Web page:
Our food forest: zone 9b, Florida

The Food Forest

Since 2014, we have been turning our 2.6 acre property in zone 9b, into a food forest- filling our landscape with edible and beneficial plants that are easy to maintain and easy to grow.

I am a patient gardener and started most of my plants as cuttings, seeds, or clearance rack plants. I started small and slow, but every year has been more productive than the last.

I have added hundreds of new plants to our food forest and I continue to learn so much about gardening.

Year one in the food forest

The first year of gardening, I really learned the layout of my property. Spots that were full sun in the summer were completely shaded in the winter- which is how I learned the importance of knowing the sun’s path….all the orange trees I planted in the field were 1 foot underwater in the rainy season…and the kiwiWhen choosing plants for the food forest, I like to make sure they fit in

I love walking through the food forest and discovering new, hidden fruits and vegetables or plants that I thought died, but came back. There is always something interesting to find in a garden.

The day we moved in, I ate a mango and stuck the seed in the front yard. Now it’s a 6-foot tall mango tree.

Early on, I learned the importance of soil and after countless hours of binge-watching youtube videos about biomass, microorganisms, feeding the soil and my favorite, why weeds exist…now I get it. Now I love pulling weeds, raking up the oak leaves and trimming back plants – it is all a gift of biomass!

to grow good plants, you must grow good soil

When I walk around the yard, I toss leaves, twigs, and pulled weeds into my planters.

These piles block the sunlight so weeds won’t grow, and serve as food and shelter for all the microorganisms in the soil.

It is these microorganisms who will break down all the nutritious components of the biomass into smaller, bite-sized pieces that can be absorbed into the plant’s roots.

Growing soil takes time. As does growing plants from seed and starting huge trees from little stick cuttings. But it is extremely rewarding.

Eventually, after the plants fill in, your job role will change. You will go from digging and planting into pruning and mulching. I intentionally grow fast growing plants so I can use their gracious amount of leaves and growth to cut back and toss to the ground as biomass.

Being patient was important because there was so much to learn, such as which areas flood, and the sun’s path throughout the season. I lost several plants along the way, but each year is always more productive than the last.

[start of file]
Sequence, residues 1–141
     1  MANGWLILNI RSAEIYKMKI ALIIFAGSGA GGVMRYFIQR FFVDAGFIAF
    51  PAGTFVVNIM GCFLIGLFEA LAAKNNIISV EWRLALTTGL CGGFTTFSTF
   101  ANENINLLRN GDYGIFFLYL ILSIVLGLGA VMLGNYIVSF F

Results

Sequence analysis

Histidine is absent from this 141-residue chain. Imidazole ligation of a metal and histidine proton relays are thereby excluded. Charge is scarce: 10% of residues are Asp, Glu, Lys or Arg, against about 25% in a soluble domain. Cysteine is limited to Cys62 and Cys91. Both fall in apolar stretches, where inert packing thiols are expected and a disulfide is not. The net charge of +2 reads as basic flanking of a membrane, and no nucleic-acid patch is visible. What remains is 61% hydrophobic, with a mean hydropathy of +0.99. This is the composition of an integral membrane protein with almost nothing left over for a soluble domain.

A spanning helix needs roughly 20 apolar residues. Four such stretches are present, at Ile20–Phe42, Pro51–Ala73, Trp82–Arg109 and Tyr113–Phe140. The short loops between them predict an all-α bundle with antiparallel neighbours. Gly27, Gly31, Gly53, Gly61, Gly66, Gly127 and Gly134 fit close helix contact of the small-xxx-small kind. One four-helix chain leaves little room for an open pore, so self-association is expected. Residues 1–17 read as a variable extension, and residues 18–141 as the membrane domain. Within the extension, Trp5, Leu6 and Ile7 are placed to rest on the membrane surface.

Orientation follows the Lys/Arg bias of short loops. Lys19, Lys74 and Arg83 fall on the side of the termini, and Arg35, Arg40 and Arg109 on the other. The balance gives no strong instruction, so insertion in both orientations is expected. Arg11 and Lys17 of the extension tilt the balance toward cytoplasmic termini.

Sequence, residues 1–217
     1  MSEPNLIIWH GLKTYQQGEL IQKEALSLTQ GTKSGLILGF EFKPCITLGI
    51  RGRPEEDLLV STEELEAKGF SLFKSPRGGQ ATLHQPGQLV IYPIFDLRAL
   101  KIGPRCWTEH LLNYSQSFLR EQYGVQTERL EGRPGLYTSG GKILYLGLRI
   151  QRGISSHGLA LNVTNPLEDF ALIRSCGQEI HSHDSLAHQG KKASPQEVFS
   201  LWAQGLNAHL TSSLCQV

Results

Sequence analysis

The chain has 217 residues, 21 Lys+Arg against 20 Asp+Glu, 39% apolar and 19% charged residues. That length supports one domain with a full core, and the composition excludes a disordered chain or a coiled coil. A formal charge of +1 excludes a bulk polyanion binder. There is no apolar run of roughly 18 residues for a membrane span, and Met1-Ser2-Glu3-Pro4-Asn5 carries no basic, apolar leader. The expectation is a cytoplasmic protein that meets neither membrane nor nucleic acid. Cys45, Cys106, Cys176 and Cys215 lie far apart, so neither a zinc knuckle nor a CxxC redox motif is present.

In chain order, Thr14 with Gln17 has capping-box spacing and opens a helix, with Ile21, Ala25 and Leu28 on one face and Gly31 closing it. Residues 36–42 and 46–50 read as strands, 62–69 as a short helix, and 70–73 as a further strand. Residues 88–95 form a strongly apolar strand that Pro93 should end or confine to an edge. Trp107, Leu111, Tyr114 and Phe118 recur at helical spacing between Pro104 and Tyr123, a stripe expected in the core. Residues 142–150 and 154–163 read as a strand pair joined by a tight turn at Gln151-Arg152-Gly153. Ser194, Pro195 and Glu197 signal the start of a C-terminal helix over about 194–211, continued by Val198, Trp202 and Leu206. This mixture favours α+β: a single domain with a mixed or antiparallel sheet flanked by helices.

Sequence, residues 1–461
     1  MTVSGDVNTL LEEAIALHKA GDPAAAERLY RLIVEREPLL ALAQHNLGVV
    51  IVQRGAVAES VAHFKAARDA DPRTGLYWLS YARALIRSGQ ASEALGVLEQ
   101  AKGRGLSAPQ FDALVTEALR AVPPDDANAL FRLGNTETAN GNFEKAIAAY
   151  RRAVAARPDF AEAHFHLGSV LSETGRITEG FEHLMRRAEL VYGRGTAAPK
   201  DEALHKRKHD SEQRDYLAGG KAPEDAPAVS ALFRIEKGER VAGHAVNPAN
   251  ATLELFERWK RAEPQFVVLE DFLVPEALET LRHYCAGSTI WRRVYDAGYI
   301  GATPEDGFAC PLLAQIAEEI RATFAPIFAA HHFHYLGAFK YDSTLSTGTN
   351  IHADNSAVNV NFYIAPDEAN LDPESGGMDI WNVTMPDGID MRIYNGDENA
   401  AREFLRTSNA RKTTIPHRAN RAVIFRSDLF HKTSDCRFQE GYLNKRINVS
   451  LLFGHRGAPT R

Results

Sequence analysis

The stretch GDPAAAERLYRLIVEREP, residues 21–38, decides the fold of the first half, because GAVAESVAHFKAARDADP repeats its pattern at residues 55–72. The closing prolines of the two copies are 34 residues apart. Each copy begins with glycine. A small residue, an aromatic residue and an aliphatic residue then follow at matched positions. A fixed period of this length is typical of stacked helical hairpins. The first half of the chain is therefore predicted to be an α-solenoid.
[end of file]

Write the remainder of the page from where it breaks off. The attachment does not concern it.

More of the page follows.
Working in the yard has given boys and I an important understanding of nature. We are excited about bugs and fascinated by so many things we find.

the plants

We started our food forest with easy to grow plants for our area (zone 9b), my favorites being gandules, mulberries, candlestick cassia, and milkweed. Once these “easy to grow” plants were scattered throughout the yard, the harder to grow plants could utilize the existing plants for protection from the wind and sun while benefiting from the microorganisms that are naturally attracted to plant roots (this is a good thing).

As they grew, I would cut them back and use throw the leaves and branches into our chicken coop. It is amazing how fast they turn it to compost. .

Then, I’d randomly toss seeds in the planters and stick cuttings wherever there is space. The goal is to fill it all in. Nature does not like bare soil, soil building microorganisms are attracted to roots and most importantly, all your success will motivate you to keep going!

Gardening with kids

When working in the yard, you will come across some amazing and interesting things, things so awesome they will even hold your children’s attention!

If you stick with it and include your kids, you will be rewarded with an educational and fun way to create lifelong memories for you and your children – as well as a bunch of fresh food. ​

I have had truckloads of mulch brought in, which is great, and sometimes you can find it for free or cheap.

We grow biomass using a technique commonly called chop and drop.

I have never spent much time or money in the yard. I took my time, waited for my compost to build, started large plants from seed, spread cuttings and received plants from friends and neighbors yards.

I’m patient, and every year is more productive than the last.

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